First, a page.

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    In Vancouver, the police, mayor and some area business organizations are supporting the study in the hope it will help reduce crime and better treat those seen in the past as untreatable.

    But critics say free heroin will mean addicts will take more of it or increase their use of other drugs such as crack cocaine and crystal meth, which many of them already abuse. The best way to address the problem is with more detox beds and other treatments, they say.

    Conservative MP Randy White (Abbotsford) calls the philosophy of the NAOMI project "totally flawed."

    "You can't stop crime by giving people the root cause of that crime," says White, the Conservative critic on drug strategy. "It just doesn't make sense.

    "Like it or not, to get off a drug you have to abstain from it."

    White, who notes a United Nations report rejects the contention that there were positive outcomes from a Swiss prescription heroin trial in the 1990s, calls this "another shot in the dark" to fight the burgeoning drug problem.

    Much better and more effective solutions would be to increase education, advertising, rehabilitation and police enforcement, he says.

    "We're off on this other tangent because we've thrown up our hands and said we can't do anything with these people," he says. "So, we put them off to the side and juice them up.

    "That's wrong."

    But Ann Livingston, project co-ordinator with the Vancouver Area Network of Drug Users, says while more treatment facilities and programs are needed, the prescription heroin scheme is another way "to treat addiction like an illness, not like a crime."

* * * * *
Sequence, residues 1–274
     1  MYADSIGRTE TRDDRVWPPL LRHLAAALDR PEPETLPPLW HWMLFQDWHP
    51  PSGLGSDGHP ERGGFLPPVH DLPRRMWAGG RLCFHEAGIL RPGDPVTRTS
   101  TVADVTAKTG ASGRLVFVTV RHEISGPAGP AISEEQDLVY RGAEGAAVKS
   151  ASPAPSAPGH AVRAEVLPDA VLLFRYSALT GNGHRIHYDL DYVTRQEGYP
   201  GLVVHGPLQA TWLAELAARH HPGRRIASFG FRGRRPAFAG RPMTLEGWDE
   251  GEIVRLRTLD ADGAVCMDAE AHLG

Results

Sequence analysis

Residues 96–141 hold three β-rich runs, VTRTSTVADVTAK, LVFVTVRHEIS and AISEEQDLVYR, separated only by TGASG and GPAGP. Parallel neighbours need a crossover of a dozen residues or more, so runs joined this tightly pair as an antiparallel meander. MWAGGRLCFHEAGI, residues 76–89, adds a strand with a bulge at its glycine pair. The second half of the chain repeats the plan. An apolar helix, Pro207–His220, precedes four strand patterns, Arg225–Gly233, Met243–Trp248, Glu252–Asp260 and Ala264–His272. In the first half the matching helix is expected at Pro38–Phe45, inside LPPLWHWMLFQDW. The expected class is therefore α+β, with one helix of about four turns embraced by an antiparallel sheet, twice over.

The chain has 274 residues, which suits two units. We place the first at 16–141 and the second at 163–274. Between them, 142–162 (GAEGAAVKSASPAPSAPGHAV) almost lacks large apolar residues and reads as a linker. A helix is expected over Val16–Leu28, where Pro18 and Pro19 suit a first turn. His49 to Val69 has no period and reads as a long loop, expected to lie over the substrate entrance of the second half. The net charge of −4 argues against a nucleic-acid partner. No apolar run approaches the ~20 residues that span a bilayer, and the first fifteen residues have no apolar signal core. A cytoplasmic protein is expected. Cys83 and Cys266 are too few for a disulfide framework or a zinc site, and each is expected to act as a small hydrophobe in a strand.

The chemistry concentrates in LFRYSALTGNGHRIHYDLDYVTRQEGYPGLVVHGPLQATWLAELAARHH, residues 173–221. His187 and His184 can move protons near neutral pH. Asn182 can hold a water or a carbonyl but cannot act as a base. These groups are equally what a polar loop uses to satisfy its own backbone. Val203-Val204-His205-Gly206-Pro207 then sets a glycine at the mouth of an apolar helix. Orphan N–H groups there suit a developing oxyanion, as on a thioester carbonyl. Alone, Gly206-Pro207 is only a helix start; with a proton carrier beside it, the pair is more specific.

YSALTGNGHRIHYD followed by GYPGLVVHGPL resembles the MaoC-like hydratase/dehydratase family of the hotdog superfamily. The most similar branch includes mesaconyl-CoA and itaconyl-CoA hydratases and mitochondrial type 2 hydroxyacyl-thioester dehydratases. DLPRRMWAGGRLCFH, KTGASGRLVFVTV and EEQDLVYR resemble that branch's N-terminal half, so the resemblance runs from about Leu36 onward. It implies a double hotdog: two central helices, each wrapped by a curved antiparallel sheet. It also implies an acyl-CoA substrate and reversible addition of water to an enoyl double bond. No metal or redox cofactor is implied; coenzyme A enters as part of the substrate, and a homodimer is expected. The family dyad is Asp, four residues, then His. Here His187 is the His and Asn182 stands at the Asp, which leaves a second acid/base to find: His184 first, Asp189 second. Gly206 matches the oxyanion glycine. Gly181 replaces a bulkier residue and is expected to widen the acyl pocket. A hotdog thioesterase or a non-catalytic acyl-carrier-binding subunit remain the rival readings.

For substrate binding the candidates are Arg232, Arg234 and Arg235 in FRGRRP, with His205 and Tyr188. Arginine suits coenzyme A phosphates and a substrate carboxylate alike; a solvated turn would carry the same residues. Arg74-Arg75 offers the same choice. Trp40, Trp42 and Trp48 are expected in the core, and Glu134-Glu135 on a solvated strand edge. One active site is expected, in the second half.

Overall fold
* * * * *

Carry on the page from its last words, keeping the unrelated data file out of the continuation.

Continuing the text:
With evidence in Europe that such programs have not only improved the lives of addicts but cut down on crime, they should have wide appeal across the community, she says.

    "Canadians would be very wise to push for this kind of intervention for addicts rather than what we currently do," Livingston says. "I'd venture almost 90 per cent of addicts down here have been charged with a criminal offence and it doesn't stop them using."

    Dr. Stanley de Vlaming, who has treated addicts in the downtown eastside for more than a decade, worries that the "high degree of anticipation and hype" among neighbourhood users about NAOMI will skew results in favour of prescribed heroin.

    "Addicts are acutely aware that their behaviours and responses during the study may also determine whether free heroin might be available after the study," he says.

    De Vlaming also calls the project "premature" because it focuses too much time, money and energy on less than 5 per cent of addicts who don't benefit from methadone. It could result in too many people being in very expensive heroin maintenance programs when they, and many others, could be treated by expanding methadone and other treatment, he says.

    But Phil Denbak knows methadone isn't the answer for him. He's tried it three times before and suffered from insomnia, constant chills and repeated nausea.

    So, for him, prescribed heroin is one of his only options.

    "I'd like to try and get my life back together," he says. "And I think this could help."

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  1. condo_pygmy
    I think free pharmaceutical grade heroin should be handed out to those who suffer from the ugly street life, day to day suffering. Lets compare Heroin to alcohol. Alcohol is Way more Damaging to the brain and body. Clean heroin doesn't cause wet brain or liver damage. Infact heroin doesn't cause any major issues. The only set back is the intense withdrawl. If it were to be handed out at clinics it would make alot of hard core users capable of day to day functioning. This would also drive away the black market. I say give the addicts their medicine, heroin doesn't make people violent but alchohol Does and i've seen it and read about it 100's of times. Most violent acts are fueled by boose and that's a Fact !!!
  2. Yeahsme
    I agree with this strategy, but I didnt know that not everybody can take methadone(i'm talking about the guy that said methadone made him sick). I know about 50 methadone users and never known anybody that it made sick. But if it does for that one guy, then there is obviously more that can't take it because it makes them sick. Unless he's lying which is improbable.